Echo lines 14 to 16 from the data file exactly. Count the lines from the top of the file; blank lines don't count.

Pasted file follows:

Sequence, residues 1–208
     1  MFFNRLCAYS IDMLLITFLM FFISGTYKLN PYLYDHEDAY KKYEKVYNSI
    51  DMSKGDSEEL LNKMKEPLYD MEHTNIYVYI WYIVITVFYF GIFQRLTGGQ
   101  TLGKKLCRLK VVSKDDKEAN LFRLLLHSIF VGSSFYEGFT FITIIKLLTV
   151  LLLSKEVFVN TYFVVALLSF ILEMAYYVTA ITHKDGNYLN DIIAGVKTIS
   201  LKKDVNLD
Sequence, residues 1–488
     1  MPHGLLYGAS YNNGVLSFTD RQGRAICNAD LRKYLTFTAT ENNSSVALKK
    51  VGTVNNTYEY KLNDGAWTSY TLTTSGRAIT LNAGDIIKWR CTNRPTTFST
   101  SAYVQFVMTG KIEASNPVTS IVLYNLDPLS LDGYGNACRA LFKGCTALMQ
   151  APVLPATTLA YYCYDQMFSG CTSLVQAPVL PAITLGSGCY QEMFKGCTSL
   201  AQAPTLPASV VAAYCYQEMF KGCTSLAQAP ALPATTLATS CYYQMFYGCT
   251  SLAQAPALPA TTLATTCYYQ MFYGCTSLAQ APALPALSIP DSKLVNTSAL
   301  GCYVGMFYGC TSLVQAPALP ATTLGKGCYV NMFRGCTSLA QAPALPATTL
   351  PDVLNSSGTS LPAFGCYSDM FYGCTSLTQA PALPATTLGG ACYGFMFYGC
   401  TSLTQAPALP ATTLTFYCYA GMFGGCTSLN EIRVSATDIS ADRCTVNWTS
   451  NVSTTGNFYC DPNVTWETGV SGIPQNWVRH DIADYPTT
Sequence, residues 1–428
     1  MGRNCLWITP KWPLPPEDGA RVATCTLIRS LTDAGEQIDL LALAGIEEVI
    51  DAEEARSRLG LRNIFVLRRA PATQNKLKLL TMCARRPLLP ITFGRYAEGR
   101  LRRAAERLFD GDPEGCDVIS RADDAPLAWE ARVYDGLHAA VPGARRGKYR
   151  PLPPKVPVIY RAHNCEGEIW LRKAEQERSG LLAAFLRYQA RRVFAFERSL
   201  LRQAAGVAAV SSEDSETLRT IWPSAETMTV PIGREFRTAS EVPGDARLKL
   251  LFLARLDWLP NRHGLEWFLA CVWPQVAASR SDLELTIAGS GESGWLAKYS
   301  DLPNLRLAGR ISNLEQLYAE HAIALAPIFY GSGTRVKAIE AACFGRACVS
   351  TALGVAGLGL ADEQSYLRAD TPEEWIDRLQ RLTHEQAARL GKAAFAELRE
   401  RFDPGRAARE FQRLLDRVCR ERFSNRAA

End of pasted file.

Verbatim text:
   301  GCYVGMFYGC TSLVQAPALP ATTLGKGCYV NMFRGCTSLA QAPALPATTL
   351  PDVLNSSGTS LPAFGCYSDM FYGCTSLTQA PALPATTLGG ACYGFMFYGC
   401  TSLTQAPALP ATTLTFYCYA GMFGGCTSLN EIRVSATDIS ADRCTVNWTS